Green hydrogen is currently enjoying unprecedented political and business momentum, with the number of policies and projects around the world expanding rapidly. Alkaline water electrolysis (AWE), as the most mature technology for producing green hydrogen, has been increasingly attracting interest from decision makers in industries where large-scale green hydrogen generators need to be deployed. Compared to other green hydrogen producing technologies, AWE delivers cheap green hydrogen without sacrificing the durability and efficiency, yet there is still a gap to be filled in order to reach the Nel 1.5 USD/kg hydrogen target. This requires that the capital expense (CAPEX) needs to be further reduced without the cost of increased operating expense (OPEX), indicating a necessity to develop new materials and production methods. Being a critical element in the AWE, Nickel has experienced a steady price increase since 2016, mostly due to the increasing demand from the battery industry. Therefore, to reduce the Nickel usage in AWE while maintain the performance and durability, is important to hold or even increase the competitiveness of the products from Nel.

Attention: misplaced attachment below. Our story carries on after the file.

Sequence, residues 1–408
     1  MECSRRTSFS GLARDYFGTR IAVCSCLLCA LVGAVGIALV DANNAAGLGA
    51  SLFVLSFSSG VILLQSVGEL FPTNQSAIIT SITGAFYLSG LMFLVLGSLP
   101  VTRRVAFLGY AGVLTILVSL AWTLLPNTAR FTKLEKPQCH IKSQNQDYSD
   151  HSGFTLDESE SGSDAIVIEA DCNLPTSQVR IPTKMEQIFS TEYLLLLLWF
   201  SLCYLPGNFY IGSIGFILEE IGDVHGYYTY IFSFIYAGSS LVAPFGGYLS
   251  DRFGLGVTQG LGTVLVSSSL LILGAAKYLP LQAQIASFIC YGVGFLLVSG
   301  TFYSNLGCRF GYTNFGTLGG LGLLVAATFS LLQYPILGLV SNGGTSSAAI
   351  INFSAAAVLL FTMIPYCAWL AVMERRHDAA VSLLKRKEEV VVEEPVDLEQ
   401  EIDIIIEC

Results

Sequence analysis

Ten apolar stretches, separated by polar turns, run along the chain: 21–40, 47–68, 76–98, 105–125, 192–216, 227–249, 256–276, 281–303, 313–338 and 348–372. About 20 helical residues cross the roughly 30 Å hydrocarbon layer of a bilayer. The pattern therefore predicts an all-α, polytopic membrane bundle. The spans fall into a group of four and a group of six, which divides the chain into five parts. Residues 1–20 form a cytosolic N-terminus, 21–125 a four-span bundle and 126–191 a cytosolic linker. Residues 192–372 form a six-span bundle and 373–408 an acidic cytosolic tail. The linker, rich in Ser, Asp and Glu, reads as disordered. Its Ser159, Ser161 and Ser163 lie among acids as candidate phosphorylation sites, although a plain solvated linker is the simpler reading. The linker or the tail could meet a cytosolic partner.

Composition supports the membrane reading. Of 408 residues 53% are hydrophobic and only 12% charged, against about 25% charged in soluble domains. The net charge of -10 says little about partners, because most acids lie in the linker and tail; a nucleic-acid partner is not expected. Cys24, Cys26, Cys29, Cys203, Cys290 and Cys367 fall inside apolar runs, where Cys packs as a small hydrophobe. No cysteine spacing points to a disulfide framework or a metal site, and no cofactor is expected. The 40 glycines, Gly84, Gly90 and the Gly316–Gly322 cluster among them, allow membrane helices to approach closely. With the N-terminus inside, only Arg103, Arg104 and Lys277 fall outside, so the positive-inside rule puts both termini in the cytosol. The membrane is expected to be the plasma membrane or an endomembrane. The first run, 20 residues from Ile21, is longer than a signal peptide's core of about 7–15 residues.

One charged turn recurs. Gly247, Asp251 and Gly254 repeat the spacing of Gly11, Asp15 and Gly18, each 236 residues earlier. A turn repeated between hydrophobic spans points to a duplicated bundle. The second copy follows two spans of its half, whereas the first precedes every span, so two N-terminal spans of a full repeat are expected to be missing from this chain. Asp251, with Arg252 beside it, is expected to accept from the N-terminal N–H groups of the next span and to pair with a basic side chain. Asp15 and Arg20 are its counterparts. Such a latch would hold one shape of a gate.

In this project, fundamental research will be closely related to industrial applications between NTNU and Nel. First, a new method will be developed to better electrodeposit Nickel on electrode substrates. The aim is to form a required Nickel layer that can offer similar level of performance and stability but consumes at least 50 % less of the raw Nickel materials. Afterwards, with the experience gained from previous research, a new catalyst layer with less or without Ni will be developed and deposited. We believe this project can help Nel to strengthen its competence and facilitate the process of reaching its 1.5 USD/kg green hydrogen target.
The demand for hydrogen production facilities will be soaring as GW plants are being planned and deployed. The availability of critical raw materials to supply this market will therefore be a key issue. Nickel is a particularly critical element, being pivotal both in alkaline water electrolysis and modern batteries for traction. Research that directs ways to minimize its use without compromising performance is therefore critical to the green transition. The companies that realize this will have a significant benefit going forward. The current project will secure Nel Hydrogen to stay competitive as resources are being stretched.